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Midwifery. 2005 Dec;21(4):346-54. Epub 2005 Jul 15.

Swedish women's experience of childbirth 2 years after birth.

Author information

  • 1Boras University College of Health Sciences, S-50190 Boras, Sweden. ingela.lundgren@hb.se

Abstract

OBJECTIVE:

to describe women's experiences of childbirth 2 years after the birth.

DESIGN:

qualitative study using a phenomenological approach. Data were collected via tape-recorded interviews.

SETTING:

interviews in the women's homes between 1999 and 2000, 2 years after the birth.

PARTICIPANTS:

10 women, five primiparous and five multiparous, who had received care at the ABC centre, Sahlgrenska University Hospital, Göteborg, Sweden, between 1996 and 1997.

KEY FINDINGS:

the essential structure was described as 'an unavoidable situation, which was demanding for both control and loss of control; as going with the flow and at the same time taking command of oneself.' To be in this unavoidable situation may have caused feelings of helplessness if the women were experiencing that the process of childbirth was not progressing. Support and help from the midwife were central to women's ability to handle the situation. To have been in an unavoidable situation changed the women and was also empowering. However, the women's approach to childbirth, to go with the flow and at the same time take command of themselves, is not congruent with the common view of childbirth in Swedish society today. This describes childbirth as something entirely negative that should be handed over to professionals. Five constituents can further describe the essential structure: to be in a situation without return, to receive help, to be changed, to have a different experience and the experience is not in agreement with expectations.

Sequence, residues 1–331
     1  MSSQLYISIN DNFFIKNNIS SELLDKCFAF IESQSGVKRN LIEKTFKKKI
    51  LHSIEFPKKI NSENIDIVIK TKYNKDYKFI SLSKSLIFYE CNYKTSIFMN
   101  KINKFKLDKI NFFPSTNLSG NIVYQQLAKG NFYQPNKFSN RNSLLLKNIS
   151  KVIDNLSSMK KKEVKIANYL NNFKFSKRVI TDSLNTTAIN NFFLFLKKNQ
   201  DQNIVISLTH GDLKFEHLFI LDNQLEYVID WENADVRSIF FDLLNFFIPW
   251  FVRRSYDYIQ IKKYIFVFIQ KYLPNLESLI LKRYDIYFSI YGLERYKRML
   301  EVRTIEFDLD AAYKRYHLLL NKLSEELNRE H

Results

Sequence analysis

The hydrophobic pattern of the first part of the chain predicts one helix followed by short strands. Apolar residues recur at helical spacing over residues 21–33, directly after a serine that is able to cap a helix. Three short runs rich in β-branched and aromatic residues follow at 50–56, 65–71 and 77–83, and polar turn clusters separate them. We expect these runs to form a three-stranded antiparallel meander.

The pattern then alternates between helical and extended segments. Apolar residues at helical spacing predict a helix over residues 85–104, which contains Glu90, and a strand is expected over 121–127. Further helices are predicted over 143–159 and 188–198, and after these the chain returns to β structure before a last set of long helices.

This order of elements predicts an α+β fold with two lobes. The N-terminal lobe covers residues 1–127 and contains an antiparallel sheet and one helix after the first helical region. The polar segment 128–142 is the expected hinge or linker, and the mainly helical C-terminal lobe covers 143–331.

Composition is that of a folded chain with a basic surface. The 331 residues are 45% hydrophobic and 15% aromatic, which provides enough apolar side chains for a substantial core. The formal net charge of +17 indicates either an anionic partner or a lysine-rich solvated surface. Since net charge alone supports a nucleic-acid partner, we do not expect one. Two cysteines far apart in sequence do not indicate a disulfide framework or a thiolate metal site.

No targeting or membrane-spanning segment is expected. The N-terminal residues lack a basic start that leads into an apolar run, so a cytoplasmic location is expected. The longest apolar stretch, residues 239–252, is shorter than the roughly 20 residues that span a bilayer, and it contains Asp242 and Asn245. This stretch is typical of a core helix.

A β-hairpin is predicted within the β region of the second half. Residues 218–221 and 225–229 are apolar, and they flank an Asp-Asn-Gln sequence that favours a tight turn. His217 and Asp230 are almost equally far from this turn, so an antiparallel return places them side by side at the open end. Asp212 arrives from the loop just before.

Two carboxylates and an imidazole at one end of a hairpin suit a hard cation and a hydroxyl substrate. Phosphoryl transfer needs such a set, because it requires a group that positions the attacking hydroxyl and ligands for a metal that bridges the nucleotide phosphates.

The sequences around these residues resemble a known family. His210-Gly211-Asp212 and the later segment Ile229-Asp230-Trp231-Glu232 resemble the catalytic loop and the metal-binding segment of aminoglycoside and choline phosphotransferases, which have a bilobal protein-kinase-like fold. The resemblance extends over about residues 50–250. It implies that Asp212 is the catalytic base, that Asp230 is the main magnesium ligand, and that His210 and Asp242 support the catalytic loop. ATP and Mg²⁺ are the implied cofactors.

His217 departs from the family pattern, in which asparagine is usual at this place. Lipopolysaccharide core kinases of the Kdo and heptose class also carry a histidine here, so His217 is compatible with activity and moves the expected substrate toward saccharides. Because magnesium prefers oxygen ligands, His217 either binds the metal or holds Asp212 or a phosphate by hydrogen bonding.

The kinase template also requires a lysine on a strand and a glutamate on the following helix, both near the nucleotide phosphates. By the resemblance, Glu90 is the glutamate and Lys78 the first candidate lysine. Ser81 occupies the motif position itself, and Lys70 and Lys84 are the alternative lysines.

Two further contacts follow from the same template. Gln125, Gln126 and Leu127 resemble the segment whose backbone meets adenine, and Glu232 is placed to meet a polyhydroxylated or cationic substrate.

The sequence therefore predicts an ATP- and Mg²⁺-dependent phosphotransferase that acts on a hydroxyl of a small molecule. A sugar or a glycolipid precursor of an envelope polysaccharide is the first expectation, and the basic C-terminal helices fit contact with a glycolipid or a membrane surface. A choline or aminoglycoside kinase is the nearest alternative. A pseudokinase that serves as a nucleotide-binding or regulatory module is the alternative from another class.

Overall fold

IMPLICATIONS FOR PRACTICE:

the basis for maternity care should be influenced by women's long-term experiences of childbirth. This could be done by supporting women's own participation, the midwives' opportunity to take a central role, and factors that help women to receive an empowering and strength-giving experience of childbirth.

PMID:
16024149
[PubMed - indexed for MEDLINE]
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